Ohio court OKs GOP-backed education overhaul, says stalling would cause ‘chaos’ as lawsuit continues

The headquarters of the Ohio Department of Education in downtown Columbus, Ohio, is pictured...
The headquarters of the Ohio Department of Education in downtown Columbus, Ohio, is pictured on Wednesday, Oct. 4, 2023. (AP Photo/Julie Carr Smyth)(Julie Carr Smyth | AP)
Published: Oct. 20, 2023 at 3:12 PM EDT
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COLUMBUS, Ohio (AP) — A Republican-backed overhaul of Ohio’s public education system can continue operating even as a lawsuit claiming it violates the state constitution makes its way through the courts, a county magistrate ruled Friday.

Indefinitely stalling the conversion of the Ohio Department of Education to the Ohio Department of Education and Workforce, which shifts educational oversight from a mostly citizen-elected state school board to the governor, would cause broader harm than letting it be implemented, Franklin Common Pleas Court Magistrate Jennifer Hunt said in a decision obtained by The Associated Press.

A judge must still sign off on Hunt’s ruling.

The overhaul comes as GOP-led states in recent years have increasingly focused on education oversight, seeking to push back against what they see as a liberal tide in public education classrooms, libraries and sports fields. Republican Gov. Mike DeWine has said the change will revamp a failing, disorganized system, but opponents fear giving more control to the governor’s office would result in partisan oversight over schools, not more accountability.

The lawsuit filed in September by parents and the Toledo School Board alleges that the new system Republican lawmakers created violates the Ohio Constitution on multiple grounds, including stripping the state board of most of its powers, which include setting academic standards and school curricula.

The plaintiffs argue that disregards the intention of a 1953 state constitutional amendment that mandated the creation of the state board in order to give people more say than their governor in children’s education.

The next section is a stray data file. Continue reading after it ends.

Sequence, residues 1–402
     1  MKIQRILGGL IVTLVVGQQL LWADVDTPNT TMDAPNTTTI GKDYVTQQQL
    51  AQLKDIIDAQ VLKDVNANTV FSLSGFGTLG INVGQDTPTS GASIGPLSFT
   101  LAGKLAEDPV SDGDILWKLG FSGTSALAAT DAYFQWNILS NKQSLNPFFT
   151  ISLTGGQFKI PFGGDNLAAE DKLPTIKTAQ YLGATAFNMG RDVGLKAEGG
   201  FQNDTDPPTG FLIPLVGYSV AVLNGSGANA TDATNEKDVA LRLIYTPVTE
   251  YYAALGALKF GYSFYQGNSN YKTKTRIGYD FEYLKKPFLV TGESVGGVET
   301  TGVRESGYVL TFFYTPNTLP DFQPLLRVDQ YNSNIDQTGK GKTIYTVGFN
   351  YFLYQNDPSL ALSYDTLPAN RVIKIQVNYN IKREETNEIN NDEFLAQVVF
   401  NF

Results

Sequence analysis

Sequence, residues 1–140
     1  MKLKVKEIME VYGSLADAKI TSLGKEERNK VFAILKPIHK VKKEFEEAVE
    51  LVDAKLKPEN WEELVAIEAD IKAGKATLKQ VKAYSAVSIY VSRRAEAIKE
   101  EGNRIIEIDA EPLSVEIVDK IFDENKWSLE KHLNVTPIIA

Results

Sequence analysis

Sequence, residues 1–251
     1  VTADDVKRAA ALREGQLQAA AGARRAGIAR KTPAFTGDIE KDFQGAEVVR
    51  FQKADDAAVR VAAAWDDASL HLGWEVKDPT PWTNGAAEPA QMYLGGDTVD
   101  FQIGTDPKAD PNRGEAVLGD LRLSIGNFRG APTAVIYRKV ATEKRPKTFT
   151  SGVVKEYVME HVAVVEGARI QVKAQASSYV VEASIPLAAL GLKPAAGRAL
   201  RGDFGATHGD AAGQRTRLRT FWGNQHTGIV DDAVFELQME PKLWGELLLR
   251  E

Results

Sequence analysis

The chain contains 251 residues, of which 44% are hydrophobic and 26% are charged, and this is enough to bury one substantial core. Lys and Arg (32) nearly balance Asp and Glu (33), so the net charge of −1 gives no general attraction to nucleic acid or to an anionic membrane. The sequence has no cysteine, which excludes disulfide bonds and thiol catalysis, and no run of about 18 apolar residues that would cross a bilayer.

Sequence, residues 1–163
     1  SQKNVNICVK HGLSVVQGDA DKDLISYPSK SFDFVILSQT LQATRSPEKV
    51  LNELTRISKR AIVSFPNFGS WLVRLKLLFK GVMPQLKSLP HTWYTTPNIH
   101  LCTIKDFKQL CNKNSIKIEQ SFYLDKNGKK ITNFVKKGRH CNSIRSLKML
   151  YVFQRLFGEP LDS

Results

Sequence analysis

Hunt agreed the plaintiffs have grounds to sue but denied their request for a preliminary injunction to keep the new department from running while the courts hear the case.

In previous hearings, the plaintiffs argued they would be harmed by the new department’s shift in leadership from the school board to a governor-appointed director, citing reduced transparency under the new department and fear that they would no longer have the ears of individuals who can actually do something about concerns for their children’s education.

Hunt ruled the new department has systems in place to provide transparency, such as mandated stakeholder outreach, and school board members are still able to voice their constituents’ concerns to the new director even if they can’t directly act on them.

The plaintiffs also failed to prove that no third party would be harmed by the injunction, Hunt said. She agreed with DeWine’s administration that to block the new department from operating would cause “confusion, unrest and chaos for Ohio’s educational system.”

Legal counsel for the plaintiffs said in a statement that they still have grounds to sue and “remain confident that democracy and the Ohio constitution will ultimately prevail.”

Dan Tierney, a spokesperson for DeWine, said that the ruling is a “positive development” for the governor’s office and Ohio’s education system.


Samantha Hendrickson is a corps member for the Associated Press/Report for America Statehouse News Initiative. Report for America is a nonprofit national service program that places journalists in local newsrooms to report on undercovered issues.